Palliative Care A Growing Option For Those With Serious Health Ailments

Advocate Explains How Palliative Care Differs From Hospice

A caregiver holds the hand of a patient
Prachatai (CC BY-NC-ND 2.0)

When you or a loved one is faced with a serious illness, there are a variety of health care options to choose from to maintain quality of life.

And without predicting what will end our lives, we can take steps to ensure that whatever ails us can be treated with some forethought.

Hospice care is one type of treatment plan often recommend by doctors for patients who they expect will pass away within six months.

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Dr. Toby Campbell is an advocate for another resource called palliative care, which comprises a team of caregivers tasked with completing the wishes of patients with a serious illness.

Campbell, UW Health chief of palliative care, said palliative care specialists aren’t meant to supplant the medical team but rather are there to provide extra support.

“We try to ask the question, ‘What should we be doing?’” he said. “And that means we’re customizing the health care system to fit that individual person. The best for each person is really, I think, the role of palliative care.”

Palliative care is for anyone with a serious illness, such as cancer, dementia, Parkinson’s disease and heart failure, to name a few. The goal of the team working for the patient is to reduce discomfort and pain as much as possible.

According to the Center to Advance Palliative Care, hospitals with 50 or more beds saw an increase in palliative care across the country from 658 in 2000 to 1,831 in 2016.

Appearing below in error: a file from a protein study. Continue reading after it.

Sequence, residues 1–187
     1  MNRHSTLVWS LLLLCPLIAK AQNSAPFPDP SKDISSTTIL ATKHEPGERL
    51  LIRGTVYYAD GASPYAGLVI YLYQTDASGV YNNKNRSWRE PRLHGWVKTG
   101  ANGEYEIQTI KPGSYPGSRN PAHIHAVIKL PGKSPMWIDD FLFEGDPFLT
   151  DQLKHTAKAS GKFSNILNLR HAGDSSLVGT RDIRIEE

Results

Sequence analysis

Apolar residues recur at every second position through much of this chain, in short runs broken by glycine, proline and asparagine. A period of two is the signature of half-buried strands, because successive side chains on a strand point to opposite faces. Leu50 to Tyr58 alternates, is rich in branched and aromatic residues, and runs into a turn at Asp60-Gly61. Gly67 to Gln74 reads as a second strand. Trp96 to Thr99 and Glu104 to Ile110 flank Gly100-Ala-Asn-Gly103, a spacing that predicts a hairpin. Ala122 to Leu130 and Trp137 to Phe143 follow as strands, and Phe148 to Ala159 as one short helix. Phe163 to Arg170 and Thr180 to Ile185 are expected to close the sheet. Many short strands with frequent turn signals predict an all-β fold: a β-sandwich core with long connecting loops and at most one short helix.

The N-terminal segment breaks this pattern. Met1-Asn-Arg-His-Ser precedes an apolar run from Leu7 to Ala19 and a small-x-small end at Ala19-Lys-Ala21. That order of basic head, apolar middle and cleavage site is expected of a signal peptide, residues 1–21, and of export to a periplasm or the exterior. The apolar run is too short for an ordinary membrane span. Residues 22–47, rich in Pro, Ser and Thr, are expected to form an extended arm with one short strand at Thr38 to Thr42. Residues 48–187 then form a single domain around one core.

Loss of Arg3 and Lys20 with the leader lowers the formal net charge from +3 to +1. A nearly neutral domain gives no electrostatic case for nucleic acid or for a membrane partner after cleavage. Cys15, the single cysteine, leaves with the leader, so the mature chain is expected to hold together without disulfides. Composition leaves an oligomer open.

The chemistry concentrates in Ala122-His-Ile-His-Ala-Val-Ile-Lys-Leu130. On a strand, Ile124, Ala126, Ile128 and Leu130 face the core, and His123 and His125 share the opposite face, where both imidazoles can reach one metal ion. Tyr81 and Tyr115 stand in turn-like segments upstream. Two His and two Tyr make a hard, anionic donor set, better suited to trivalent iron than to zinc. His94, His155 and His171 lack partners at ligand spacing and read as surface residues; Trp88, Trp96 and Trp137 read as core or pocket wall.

The demand for palliative care is growing, but necessary resources may have a challenge catching up. A 2018 article published in the Journal of Pain and Symptom Management predicts by 2040, the need for hospice and palliative care specialist physicians will range from 10,640 to almost 24,000. There are currently about 8,100 to 19,000 palliative care specialist physicians, according to the article.

Most health insurances cover palliative care, but the amount of coverage varies. Hospice care is usually covered by private insurance and by Medicare and Medicaid, according to UW Health.

Palliative services are mostly offered in hospitals, but Campbell said there’s a movement to meet patients outside the hospital, which would allow specialists access to patients earlier on in the disease’s course.

One of the major differences between palliative and hospice care is actual treatment of the illness. Palliative care allows patients to undergo treatments whereas hospice care does not, according to the National Hospice and Palliative Care Organization.

Campbell said palliative care specialists have had to get creative now that visitors have been banned from most hospitals and nursing homes to prevent the spread of COVID-19.

“We don’t want families to be cut off, so we’re trying to figure out how can we effectively communicate with families in a regular way so that everyone is informed and connected as best we can,” he said. That includes things like using telehealth to communicate with patients and have families communicate with them.

Campbell said once he’s established rapport with the patient, he likes to have them think about two questions: “When you think about the future, what do you find yourself hoping for?” and “When you think about the future, what do you find yourself worrying about?”

Anyone interested in learning more about palliative care should talk with their primary care physician who can point them to local specialists.